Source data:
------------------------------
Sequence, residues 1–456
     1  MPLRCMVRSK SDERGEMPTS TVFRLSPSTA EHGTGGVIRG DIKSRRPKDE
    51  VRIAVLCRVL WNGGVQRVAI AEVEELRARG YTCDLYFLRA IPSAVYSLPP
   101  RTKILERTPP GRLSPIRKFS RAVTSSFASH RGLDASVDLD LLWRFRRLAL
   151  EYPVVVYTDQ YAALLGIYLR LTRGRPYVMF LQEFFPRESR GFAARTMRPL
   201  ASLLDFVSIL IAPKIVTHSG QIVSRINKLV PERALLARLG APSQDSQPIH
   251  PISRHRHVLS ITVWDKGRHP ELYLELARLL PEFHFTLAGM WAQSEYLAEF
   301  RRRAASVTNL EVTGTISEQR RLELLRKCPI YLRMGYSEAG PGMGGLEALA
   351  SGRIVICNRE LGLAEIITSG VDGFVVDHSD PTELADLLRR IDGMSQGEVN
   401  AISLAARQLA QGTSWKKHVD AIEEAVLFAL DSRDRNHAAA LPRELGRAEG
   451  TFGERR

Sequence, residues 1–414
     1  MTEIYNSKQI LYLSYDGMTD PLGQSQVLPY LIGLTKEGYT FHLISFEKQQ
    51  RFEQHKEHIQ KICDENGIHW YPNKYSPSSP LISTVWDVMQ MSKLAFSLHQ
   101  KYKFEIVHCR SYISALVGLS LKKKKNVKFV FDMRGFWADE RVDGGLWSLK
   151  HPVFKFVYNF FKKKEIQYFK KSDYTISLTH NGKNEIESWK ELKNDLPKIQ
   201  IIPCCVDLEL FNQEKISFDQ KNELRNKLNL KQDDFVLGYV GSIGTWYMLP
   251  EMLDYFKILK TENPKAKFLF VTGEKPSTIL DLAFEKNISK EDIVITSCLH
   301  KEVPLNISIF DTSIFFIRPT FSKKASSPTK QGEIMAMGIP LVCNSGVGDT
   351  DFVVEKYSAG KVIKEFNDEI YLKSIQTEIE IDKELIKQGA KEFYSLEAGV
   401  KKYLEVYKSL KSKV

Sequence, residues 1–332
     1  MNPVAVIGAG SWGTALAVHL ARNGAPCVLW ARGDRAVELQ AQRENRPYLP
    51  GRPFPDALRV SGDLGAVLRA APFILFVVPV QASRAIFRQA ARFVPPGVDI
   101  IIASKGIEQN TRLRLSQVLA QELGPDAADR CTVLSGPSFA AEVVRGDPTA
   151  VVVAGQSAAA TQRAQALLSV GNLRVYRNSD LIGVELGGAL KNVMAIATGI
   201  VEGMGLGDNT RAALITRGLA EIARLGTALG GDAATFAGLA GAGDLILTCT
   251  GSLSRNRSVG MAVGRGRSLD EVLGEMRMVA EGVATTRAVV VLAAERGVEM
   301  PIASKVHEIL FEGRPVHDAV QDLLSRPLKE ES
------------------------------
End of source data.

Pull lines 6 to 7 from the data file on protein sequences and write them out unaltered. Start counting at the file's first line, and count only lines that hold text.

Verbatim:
   201  ASLLDFVSIL IAPKIVTHSG QIVSRINKLV PERALLARLG APSQDSQPIH
   251  PISRHRHVLS ITVWDKGRHP ELYLELARLL PEFHFTLAGM WAQSEYLAEF